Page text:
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Developer charged with breach pf conditions after failure to complete archaeology
#1
http://www.chesterchronicle.co.uk/news/c...on-5722721

Developers who built the council HQ building are in breach of a planning condition for not completing the archaeological work.
Cheshire West and Chester Council has issued a breach of condition notice against Swansea-based Liberty Properties Ltd for failing to produce a full report for publication in an academic journal and failing to deposit the archive at the Grosvenor Museum within three years of completion of the fieldwork.

Archaeologists carried out the dig prior to construction of the council offices, luxury apartments and Abode hotel in the largest excavation to have taken place in Chester in more than 30 years.

Traces of the medieval Benedictine nunnery and cemetery were also revealed along with more than 100 skeletons.


The company is warned that it faces prosecution in the magistrates court and a fine if fails to complete the post-excavation programme within two years of the notice being issued.
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#2
So the council who occupy the building are issuing the breach of condition for non completion of the archaeological work. :face-approve:
Though one wonders with all that important archaeology (see main article) how it got built there in the first place.
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#3
Is that a fine of £1000? The post-ex budget is surely going to be much, much more than that? It's hardly a deterrent, and if I was a hard-nosed business woman rather than an archaeologist I'd take the prosecution and fine as it's cheaper than discharging the condition! (Even though it's hardly ethical!) Great news that a notice has been issued but it simply doesn't sound like it has any real possibility of enforcement, and what message does it send out about archaeological planning conditions?

I'm fascinated though that it's the developer that has legal liability here as I would have thought part of the contract with the archaeological contractor would have been the production of a report, and I would have assumed in that case they would have been blaming the archaeological sub-contractor and passing on legal liability? I do know that it's not uncommon for post-ex budgets to have separate tendering etc. Lots of questions from the archaeological side of things as the archive, finds (inc skeles) etc must be in storage somewhere? As the human remains came from a known Christian burial context, I thought most licenses from the Ministry of Justice now stipulated where the remains needed to be re-interred and gave a time frame? However. even if we aren't paid huge wages, we're still professionals and can't do the work for free if there's no contract.... so what do you do here as a contractor? Especially if they take the fine?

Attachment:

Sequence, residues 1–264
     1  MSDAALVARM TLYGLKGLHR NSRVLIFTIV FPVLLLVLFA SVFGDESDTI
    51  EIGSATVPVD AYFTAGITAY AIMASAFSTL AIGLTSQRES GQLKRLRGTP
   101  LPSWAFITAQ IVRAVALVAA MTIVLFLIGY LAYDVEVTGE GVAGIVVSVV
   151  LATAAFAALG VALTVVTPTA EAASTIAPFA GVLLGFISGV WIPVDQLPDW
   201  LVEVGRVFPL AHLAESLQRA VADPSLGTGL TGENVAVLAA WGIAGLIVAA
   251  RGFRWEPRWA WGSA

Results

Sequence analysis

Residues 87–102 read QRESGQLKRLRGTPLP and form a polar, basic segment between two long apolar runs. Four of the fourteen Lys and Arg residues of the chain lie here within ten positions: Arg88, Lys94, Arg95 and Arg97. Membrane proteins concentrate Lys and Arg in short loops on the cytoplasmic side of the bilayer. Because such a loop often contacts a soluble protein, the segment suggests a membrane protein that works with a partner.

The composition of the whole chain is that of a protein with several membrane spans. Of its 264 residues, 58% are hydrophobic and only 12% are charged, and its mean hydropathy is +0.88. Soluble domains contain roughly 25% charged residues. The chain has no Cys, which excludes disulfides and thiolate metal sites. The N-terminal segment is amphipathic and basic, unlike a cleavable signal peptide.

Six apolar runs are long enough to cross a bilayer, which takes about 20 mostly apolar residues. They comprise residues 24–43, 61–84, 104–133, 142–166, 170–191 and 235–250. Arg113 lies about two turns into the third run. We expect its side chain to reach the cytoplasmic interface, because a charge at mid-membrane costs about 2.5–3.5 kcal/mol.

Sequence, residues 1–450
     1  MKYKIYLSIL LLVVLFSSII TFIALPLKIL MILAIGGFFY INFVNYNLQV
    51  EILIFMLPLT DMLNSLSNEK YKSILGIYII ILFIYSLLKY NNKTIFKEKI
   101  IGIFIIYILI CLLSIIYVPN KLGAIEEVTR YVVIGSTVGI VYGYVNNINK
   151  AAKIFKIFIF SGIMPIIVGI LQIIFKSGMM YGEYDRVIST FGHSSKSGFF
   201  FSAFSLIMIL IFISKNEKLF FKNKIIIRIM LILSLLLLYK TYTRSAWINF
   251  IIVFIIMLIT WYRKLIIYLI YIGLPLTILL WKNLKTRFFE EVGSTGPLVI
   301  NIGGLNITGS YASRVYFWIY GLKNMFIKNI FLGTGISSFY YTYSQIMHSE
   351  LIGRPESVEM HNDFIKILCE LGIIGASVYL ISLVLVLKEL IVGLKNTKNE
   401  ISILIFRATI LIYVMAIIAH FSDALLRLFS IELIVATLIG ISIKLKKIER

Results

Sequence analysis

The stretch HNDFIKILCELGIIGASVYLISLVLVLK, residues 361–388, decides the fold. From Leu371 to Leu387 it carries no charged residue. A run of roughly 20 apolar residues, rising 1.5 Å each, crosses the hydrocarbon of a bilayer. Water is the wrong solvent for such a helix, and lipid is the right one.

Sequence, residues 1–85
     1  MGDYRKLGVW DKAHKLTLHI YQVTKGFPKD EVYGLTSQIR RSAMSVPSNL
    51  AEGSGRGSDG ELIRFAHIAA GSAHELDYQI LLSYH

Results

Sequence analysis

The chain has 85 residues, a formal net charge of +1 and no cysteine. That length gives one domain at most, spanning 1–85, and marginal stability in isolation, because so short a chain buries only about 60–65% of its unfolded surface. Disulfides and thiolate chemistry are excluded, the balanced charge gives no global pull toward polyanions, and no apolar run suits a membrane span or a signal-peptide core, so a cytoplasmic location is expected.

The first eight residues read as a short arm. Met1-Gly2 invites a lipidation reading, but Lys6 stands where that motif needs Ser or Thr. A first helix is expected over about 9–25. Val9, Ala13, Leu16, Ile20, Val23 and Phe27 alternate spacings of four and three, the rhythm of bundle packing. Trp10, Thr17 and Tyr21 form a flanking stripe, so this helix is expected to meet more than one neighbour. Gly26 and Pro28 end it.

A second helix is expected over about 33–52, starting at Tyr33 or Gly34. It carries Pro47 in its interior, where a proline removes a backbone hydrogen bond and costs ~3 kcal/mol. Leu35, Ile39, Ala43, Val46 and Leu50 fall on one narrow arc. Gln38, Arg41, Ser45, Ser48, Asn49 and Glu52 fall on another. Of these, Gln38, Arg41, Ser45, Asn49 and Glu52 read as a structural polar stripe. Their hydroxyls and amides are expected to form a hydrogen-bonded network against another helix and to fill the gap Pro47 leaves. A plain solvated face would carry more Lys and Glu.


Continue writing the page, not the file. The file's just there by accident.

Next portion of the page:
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#4
[B][SIZE=3]http://www.cheshirewestandchester.gov.uk...version=-1

People might be interested in the enforcement notice and the original project design for excavation and post-ex.....

[/B]
[/SIZE]
With peace and consolation hath dismist, And calm of mind all passion spent...
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#5
ecmgardner Wrote:I'm fascinated though that it's the developer that has legal liability here as I would have thought part of the contract with the archaeological contractor would have been the production of a report, and I would have assumed in that case they would have been blaming the archaeological sub-contractor and passing on legal liability?

Seeing as the Developer sought and secured the Consent, it is they who are responsible for any breaches of the Conditions. However, I'm sure they will want to seek separate action against their archaeological contractor if this is due to a failure by said archaeologists to complete their contractual obligations. (And I have no idea about the true details of this case - for all I know this could be a mere "shot across the bows" formality, and the PX might be well in hand...) But I agree the £1000 penalty seems aweful cheap!
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#6
Thanks for clarifying barkingdigger :face-approve:
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#7
In my experience developers are much more quick to commission work needed before construction can commence than to deal with post-ex work once the ticking clock is done, and as a result it may well be in this case that the contractor is twiddling its thumbs awaiting authorisiation to proceed.
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#8
ecmgardner Wrote:Is that a fine of £1000? The post-ex budget is surely going to be much, much more than that? It's hardly a deterrent, and if I was a hard-nosed business woman rather than an archaeologist I'd take the prosecution and fine as it's cheaper than discharging the condition!

I understand that the fine for non-compliance has to be paid and then the condition still has to be complied with as well. An unscrupulous developer near here asked the same question, obviously with the intent of just paying the cheaper fine, but was told this would be in addition to post-ex costs
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#9
Silly question but what if they don't pay the fine and don't do the post ex does someone end up in jail or does every one just forget about it?
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#10
I am guessing that the penalty for non compliance of a planning condition could result in demolition of the building.....
With peace and consolation hath dismist, And calm of mind all passion spent...
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